Is the National Rural Employment Guarantee Act (NREGA) delivering what it promised to?
Among other things, the Act was expected to help create productive assets for rural development and also act as a social security scheme, especially for women. On both fronts, there has been lack of delivery.
Given the crisis in Indian agriculture, productive rural assets are critical for growth. The Act tries to involve local communities through representative institutions such as gram panchayats and gram sabhas. Assets created are not to be those convenient for local bureaucrats, but those that respond to felt deficiencies in the local economy.
Entitlements for women include the provision that one-third of the work undertaken should go to women; men and women are to be paid equal wages; and women are to be part of planning, monitoring and evaluation committees. An important provision in the Act is that if there are five or more children, below the age of six, accompanying the women working at any site, one of the women workers should be deputed to look after the children. And she is entitled to the same wage as the other labourers.
The Institute of Social Studies Trust and Doosra Dashak recently surveyed more than 1,200 households in Abu Road block of Sirohi district of Rajasthan, covering 11 villages, from both hilly and non-hilly areas of the block. Despite the acute water shortage in this drought prone area, especially in the hilly segment, road construction dominates the choice of works. About 5% of the respondents said that gravel roads were constructed as part of NREGA work, of which 24% added that the construction remained incomplete; 31% reported water conservation structures, of which 30% cited digging new tanks/ponds (nadi kudai) and only 1% mentioned construction and repair of embankments (anicuts) and canal cleaning/reconstruction. Land development through plantations and land levelling has not been mentioned.
Households were asked if these works had made any difference to their lives. Only 7% mentioned benefits (potable water, availability of water for animals and other uses) from water conservation. Some 32% reported benefits from improved road connection—such as greater ease in getting the sick to hospital.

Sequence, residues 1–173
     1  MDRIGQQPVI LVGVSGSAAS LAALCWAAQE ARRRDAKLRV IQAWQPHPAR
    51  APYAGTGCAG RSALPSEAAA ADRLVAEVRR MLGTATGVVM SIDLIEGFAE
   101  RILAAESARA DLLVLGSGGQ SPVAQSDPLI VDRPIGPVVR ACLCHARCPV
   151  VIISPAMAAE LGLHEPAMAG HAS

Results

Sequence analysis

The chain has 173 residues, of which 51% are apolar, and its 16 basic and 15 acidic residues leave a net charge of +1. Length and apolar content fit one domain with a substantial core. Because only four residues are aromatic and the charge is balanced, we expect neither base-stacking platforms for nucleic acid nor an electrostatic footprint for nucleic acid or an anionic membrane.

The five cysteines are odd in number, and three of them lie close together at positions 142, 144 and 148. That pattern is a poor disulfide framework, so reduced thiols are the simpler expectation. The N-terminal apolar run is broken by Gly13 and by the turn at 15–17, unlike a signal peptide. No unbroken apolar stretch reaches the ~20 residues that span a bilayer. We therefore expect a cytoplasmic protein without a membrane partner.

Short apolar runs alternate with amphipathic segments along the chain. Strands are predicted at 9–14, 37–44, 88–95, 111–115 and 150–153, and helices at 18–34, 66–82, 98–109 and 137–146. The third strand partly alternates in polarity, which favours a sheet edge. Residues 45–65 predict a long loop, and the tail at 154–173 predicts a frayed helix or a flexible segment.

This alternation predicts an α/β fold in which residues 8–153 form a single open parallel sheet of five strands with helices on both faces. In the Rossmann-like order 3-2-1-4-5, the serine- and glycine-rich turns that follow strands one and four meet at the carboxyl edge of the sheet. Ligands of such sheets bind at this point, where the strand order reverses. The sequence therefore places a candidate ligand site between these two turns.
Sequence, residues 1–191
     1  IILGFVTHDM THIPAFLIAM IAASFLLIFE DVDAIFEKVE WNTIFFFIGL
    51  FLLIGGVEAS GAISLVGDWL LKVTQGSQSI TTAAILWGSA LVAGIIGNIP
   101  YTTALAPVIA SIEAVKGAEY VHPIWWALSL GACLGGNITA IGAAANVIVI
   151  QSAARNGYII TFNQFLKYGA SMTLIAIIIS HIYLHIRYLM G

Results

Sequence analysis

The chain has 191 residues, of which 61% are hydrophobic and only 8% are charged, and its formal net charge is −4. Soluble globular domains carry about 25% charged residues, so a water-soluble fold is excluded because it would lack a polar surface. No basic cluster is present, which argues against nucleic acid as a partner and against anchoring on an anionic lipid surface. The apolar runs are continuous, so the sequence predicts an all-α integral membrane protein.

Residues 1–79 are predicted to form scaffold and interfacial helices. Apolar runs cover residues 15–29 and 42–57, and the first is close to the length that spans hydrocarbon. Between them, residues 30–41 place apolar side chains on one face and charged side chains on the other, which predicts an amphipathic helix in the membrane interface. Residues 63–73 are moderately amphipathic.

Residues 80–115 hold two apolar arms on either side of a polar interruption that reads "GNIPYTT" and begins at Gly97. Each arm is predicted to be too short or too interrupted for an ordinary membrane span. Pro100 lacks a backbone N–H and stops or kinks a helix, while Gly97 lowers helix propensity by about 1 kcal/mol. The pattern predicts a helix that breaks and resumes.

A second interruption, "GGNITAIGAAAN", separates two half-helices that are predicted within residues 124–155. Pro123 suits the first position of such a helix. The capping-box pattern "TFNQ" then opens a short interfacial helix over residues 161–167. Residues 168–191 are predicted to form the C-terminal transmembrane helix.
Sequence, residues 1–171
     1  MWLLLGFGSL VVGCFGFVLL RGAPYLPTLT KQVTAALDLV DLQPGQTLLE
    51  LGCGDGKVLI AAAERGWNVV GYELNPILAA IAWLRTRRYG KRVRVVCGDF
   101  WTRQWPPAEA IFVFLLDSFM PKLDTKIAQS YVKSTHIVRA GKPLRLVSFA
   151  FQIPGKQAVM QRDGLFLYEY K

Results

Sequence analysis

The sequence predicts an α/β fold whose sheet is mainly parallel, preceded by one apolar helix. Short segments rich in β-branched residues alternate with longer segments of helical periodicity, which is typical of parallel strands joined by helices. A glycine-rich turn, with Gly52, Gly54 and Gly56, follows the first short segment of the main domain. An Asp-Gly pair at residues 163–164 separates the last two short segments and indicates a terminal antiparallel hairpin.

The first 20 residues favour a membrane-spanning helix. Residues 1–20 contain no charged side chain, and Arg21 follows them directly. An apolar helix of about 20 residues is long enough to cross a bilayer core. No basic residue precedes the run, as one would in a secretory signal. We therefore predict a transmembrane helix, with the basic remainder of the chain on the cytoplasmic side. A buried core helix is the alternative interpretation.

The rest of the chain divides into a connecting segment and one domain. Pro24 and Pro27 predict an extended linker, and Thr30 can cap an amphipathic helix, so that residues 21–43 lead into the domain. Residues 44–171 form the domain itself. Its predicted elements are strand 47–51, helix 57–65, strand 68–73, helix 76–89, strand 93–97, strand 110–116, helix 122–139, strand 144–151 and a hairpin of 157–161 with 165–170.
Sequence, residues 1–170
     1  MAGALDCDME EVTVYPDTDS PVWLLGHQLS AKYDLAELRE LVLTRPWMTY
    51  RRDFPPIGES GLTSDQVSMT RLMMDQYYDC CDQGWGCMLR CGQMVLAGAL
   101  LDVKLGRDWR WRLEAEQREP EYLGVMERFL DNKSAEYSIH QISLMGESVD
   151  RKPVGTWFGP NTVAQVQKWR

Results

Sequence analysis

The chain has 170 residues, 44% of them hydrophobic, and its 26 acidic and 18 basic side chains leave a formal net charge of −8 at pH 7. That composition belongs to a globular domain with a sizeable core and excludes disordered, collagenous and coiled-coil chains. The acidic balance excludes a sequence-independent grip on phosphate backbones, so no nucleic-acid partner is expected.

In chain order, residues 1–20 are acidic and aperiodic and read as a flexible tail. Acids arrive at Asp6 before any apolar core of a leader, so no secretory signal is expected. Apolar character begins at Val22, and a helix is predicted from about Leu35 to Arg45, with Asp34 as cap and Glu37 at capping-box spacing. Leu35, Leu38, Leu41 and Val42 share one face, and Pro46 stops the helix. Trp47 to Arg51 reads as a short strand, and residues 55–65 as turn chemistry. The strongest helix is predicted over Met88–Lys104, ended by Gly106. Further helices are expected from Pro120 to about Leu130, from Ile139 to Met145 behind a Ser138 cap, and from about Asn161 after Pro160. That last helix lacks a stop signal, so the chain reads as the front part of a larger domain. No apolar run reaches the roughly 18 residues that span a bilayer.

Data from the Block Development Office confirms that during February 2006-March 2007, priority has been given to gravel roads and digging of tanks. Anicuts and merbandi, effective in preventing soil erosion especially in the hilly areas of the district, are missing.
As far as the second promise— entitlements for women—goes, observation of worksites around the two villages, Mahikhera and Nichlagarh, between October 2006 and April 2007, showed that no crèches had been provided. Neither was a medical kit available on site. The only facility provided everywhere was drinking water. Lack of crèches restricts participation of women. Children may be left alone or unattended while the mother works. At a minimum, a crèche ensures that young children do not hurt themselves at the worksite and are provided with basic care. Why had crèches not been provided? At every discussion, the question was met with silence. Has money been allocated for this purpose? No one knows.
Does the absence of a crèche mean absenteeism from school for the elder daughter? Discussions at a workshop confirm that this often happens. As one woman put it, food comes before education: ‘Pet pehle bharenge, padhai baad me sochenge.’ Her own granddaughter had dropped out of school to look after the younger siblings at home while her mother was away at the worksite. What other alternative was there? Despite its stated intentions, enough financial resources and technical guidance have not been given to the panchayats for providing crèches on the thousands of worksites being opened under NREGA. The consequences—exclusion of some poor women with infants, absenteeism of older daughters from school, and the historical over-burdening of women—will continue until such time as matters are set right.
The quality of productive assets is a critical issue. Bela Bhatia and Jean Dreze report from Manika and Mantu districts in Jharkhand that most works remained incomplete, in danger of being washed away in the monsoon, and that technical standards of the well-built kaccha roads were very low. Similar reports continue to come in from other areas.
Some questions need answers. Why are works left incomplete, with deterioration and consequent capital waste? Does the implementation of NREGA preclude technical supervision to ensure creation of long-lasting, quality productive assets? Why do household responses show relatively low-perceived benefit, if works have been selected as per expressed needs? Why is low priority accorded to works that are critical to the health of the local ecology, such as the construction of anicuts and merbandi which can prevent soil erosion in Sirohi? In short, is work undertaken as a matter of routine rather than its expected utility?
(Rina Bhattacharya and Ratna M. Sudarshan are with the Institute of Social Studies Trust, New Delhi. Comments are welcome at email@example.com)